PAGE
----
Glass Blower1

I love craftsmen.  By 'craftsmen' I mean anyone who is skilled at their craft - male or female, artist or truck driver or paper pusher.  Craftsmen take pride in what they do not because they have to but because they actually enjoy what they do.  I have watched a person behind a counter in a sub shop put a sandwich together with skill and dexterity and flourish, working with a team who dance around together from the coffee pot to the refrigerator to the cash register.  Simple movements.  Simple ballet.  I've watched a glass blower extract a bird from a molten piece of glass with a few simple twists of the wrist, twists that took a dozen years or more to master.  I have listened a builder explain with joy the solution to a complex structural problem and make it look easy.

Finding the joy in any task is not easy.  Some tasks are so mundane and so repetitive and so seemingly meaningless that it is hard to master the artistry.  Making a thousand sandwiches a day could be pretty boring.  A nurse in a hospital rehabilitation program who has to work with continuous groups of overweight elderly people who don't care enough to take care of themselves could be a chore.  Distributing the mail day after day could induce ennui.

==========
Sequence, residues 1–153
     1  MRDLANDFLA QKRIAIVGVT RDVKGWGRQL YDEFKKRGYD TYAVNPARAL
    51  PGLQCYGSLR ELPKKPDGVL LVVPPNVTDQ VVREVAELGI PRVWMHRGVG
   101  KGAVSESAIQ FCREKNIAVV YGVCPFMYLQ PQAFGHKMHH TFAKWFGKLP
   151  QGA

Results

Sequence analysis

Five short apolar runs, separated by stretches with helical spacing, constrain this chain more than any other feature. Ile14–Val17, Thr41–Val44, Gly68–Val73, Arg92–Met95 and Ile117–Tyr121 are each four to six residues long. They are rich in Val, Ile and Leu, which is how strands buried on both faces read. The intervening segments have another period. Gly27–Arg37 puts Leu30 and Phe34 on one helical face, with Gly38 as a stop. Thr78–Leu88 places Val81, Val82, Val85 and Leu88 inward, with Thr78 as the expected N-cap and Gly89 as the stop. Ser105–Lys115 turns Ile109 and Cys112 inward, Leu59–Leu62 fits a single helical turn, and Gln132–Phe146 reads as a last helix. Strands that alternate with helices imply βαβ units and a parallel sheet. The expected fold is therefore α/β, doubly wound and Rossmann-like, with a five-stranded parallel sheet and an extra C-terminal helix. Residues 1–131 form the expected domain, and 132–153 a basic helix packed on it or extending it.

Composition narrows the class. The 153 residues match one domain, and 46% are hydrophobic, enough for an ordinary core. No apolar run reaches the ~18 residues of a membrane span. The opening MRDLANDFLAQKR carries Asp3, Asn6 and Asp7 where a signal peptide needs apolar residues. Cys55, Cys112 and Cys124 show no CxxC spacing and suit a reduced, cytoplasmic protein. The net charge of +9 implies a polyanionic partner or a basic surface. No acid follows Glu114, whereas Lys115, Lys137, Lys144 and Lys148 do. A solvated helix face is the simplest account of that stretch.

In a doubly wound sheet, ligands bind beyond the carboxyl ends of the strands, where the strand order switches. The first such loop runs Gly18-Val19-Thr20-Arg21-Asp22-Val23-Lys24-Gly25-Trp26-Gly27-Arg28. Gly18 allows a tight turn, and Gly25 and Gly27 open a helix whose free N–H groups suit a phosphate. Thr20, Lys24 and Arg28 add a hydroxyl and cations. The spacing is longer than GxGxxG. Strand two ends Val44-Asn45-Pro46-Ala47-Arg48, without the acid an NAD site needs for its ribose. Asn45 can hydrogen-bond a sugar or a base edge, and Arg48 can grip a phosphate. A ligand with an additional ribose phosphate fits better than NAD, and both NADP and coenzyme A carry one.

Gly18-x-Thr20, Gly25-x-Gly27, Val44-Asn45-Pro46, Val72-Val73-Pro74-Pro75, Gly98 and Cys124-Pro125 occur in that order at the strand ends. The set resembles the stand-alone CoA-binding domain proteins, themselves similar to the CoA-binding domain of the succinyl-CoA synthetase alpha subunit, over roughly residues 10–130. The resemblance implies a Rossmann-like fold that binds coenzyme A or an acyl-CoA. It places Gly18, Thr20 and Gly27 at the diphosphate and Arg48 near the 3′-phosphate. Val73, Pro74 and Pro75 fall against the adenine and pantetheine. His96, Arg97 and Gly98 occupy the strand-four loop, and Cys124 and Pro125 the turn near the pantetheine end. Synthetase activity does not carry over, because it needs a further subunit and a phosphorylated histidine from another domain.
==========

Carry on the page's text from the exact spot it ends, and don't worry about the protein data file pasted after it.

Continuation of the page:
It is easy to be in awe of Michelangelo or Shakespeare or Einstein.  Noticing and appreciating and recognizing skilled, everyday craftspeople gives color and artistry to the tapestry of my life.  And if you say to a ticket agent at an airport as you watch him handle the paperwork and bags and dance through the turmoil, "Wow.  You're really good at this!"  he'll probably think you're kidding, but then a smile might just grow on his face as he recognizes that you are serious followed by a pause.  "Thank you . . . next!"